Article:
You may think these types of things don’t happen within Adventist homes. In a recent survey on an Adventist college campus, around 10 percent of Adventist students report being molested before the age of 18 (females more likely than males).

Sexual Assault in the Christian Home

She was devastated when her husband died in a tragic car accident, leaving her with three young daughters. She soon remarried a good Adventist man from a family she knew well.

They went on to have three children of their own. Soon after her daughters became teenagers, they told her that their step-father was raping them at night, telling them to keep it secret. She couldn’t believe her husband would do such a terrible thing. Her kids eventually grew up and had their own families, but then her youngest son committed suicide after he started molesting his own daughter. It eventually became known that her (second) husband had actually molested his own biological children as well and even some neighbor kids.

Sexual abuse within the family is devastating and can be intergenerational, like in this story. It is particularly heartbreaking when it happens in a Christian home. You may think these types of things don’t happen within Adventist homes. In a recent survey on an Adventist college campus, around 10 percent of Adventist students report being molested before the age of 18 (females more likely than males). A vast majority of child sexual abuse is by someone known by the child, including close family members.

Being sexually abused as a child by a trusted authority figure, especially by a parent, is harmful in many ways. Research has found higher rates of depression, substance use, suicidal thinking, more likely to abuse children themselves (although the vast majority don’t), and marital problems among those who were abused. Adventist college students who have been sexually molested were 3.5 times more likely to have attempted suicide in their lifetime (females more likely than males).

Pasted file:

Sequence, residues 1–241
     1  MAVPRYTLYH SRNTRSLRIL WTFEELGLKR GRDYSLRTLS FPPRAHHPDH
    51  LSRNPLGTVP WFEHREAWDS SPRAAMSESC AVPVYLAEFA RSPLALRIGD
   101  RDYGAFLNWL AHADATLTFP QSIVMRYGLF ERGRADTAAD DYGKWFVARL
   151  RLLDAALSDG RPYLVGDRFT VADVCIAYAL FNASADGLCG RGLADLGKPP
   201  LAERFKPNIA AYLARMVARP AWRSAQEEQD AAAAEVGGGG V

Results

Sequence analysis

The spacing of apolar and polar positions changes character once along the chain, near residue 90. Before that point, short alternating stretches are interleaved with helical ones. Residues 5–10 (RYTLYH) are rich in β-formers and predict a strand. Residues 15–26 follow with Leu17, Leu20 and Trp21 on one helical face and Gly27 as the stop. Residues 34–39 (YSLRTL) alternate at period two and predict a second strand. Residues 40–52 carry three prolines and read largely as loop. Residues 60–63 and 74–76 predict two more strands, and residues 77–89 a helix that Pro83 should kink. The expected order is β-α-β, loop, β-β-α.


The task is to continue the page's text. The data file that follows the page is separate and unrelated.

There also are spiritual consequences. Within a Christian home, a child may feel guilty for having sex outside of marriage, even thinking it is his/her fault. If the abuse is by a parent, it can distort a child’s view of a loving Heavenly Father. Jesus knew how harming a child can have devastating effects when he said, Whoever causes one of these little ones who believe in me to sin, it would be better for him if a great millstone were hung around his neck and he were thrown into the sea (Mark 9:42).

Here are some tips on what to do if you become aware of a child being molested:

  • ALWAYS accept what a child tells you and then let the Child Protective Services or similar agency in your area investigate if the accusation is correct. On average, sexual perpetrators molest over 100 victims in their lifetime.
  • Get professional help. There are thousands of trained mental health professionals, including many who are Adventist, who can help a child and the perpetrator.

There are different ways to prevent this devastation.

  • Let’s talk about it. There is a huge stigma around incest which makes it easier to keep it a secret. To bring it out of the shadows, we need to talk about it and the harm that it causes.
  • Boundaries are good. Although intimacy in families is a wonderful thing, if that intimacy is something you wouldn’t want others to witness, then you are crossing a potentially dangerous line.

For more information and additional resources check out the End It Now website (Adventists Say No to Violence): https://www.enditnow.org/.

For a list of Adventist counselors in your area use this link: https://www.nadfamily.org/resources/counselors/

Alina M. Baltazar, PhD, LMSW, CFLE is a professor of Social Work at Andrews University, a licensed clinical social worker, and a certified family life educator.